So my Dad bought a GoPro for Christmas.... Told him I'd make sure it works.
So I took it out for some fun and a little cruise around town, finished
with a little quarter mile run. Enjoy!
1966 GTO Blog #5: The 4L65E Transmission Arrives V8TV
http://www.v8tvshow.com - We were excited to receive the new GM 4L65E
4-speed automatic transmission from Bowler Performance Transmissions and
test fit it under the GTO. It looks to be a MUCH better fit than the
6L80E. And, when combined with the GearsVendors overdrive unit and a
Twist Machine Shrifter paddle shifter, this thing is always going to be in
its happy RPM range.
1966 GTO Blog #4 - Shifting Gears V8TV
http://www.v8tvshow.com - We spent many hours and days contemplating how to
make the giant 6L80E 6-speed automatic transmission fit under the '66 GTO,
but it looks like the surgery required will push this car well beyond its
deadline and budget. While it is a cool transmission, the 6L80E is
simply enourmous, and in order to make it fit under the car, we'd have to
cut the entire floor out and fab a whole new tunnel, raise the enigine, and
try to make it clear the hood. We simply don't have the time. So,
after a chat with Mark Bowler of Bowler Performance Transmissions, the
choice was made to switch to a GM 4L65E, a 4-speed automatic trans that is
a much easier fit to the car. But in order to keep the car's original
multi-gear theme, Bowler informed us of a new plan utilizing a Gear Vendors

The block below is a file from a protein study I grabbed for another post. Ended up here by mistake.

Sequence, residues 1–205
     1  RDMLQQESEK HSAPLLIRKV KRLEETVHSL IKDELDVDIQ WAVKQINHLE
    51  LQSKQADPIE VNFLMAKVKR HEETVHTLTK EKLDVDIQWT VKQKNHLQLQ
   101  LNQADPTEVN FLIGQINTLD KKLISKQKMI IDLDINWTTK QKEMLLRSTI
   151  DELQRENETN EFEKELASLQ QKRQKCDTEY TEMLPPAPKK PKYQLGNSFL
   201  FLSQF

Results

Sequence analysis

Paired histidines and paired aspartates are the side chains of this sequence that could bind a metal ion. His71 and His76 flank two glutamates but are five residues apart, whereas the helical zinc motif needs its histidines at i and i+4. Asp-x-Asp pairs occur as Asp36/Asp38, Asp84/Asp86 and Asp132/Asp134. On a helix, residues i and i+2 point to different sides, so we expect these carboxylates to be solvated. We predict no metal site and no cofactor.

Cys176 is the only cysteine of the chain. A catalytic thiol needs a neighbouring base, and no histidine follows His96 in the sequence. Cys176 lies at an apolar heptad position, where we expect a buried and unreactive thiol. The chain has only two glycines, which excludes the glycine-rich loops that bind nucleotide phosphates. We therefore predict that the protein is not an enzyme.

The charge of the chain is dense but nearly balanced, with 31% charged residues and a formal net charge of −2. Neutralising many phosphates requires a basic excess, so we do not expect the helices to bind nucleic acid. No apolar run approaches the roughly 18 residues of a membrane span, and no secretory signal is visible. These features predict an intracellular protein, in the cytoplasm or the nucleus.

overdrive unit, a Bowler controller, and a Twist Machine Shrifter paddle
shifter that will allow the driver to manually shift up and down through 8
gears. The detials are to come on this system, but right now we're
working on getting the 4L65E into the car and getting the wiring harness to
work with the L92 V8's ECM.
1966 GTO Part 9: Air Ride Suspension Install 1 V8TV
http://www.v8tvshow.com - This GTO is going to be driven hard, so the
suspension system needs to be up for the task of not only handling well,
but it also needs to have a smooth ride. To accomplish this double-duty
trick, we chose to install an Air Ride Technologies Street Challenge
System. We saw this system in action on a '66 Chevelle on an autocross
track and couldn't believe the performance... flat cornering, predictible
handling, and a smooth ride all in one. The Street Challenge System
containes everything you need to transform your car's ride and handling,
complete with upper and lower Strong Arm control arms front and rear, tall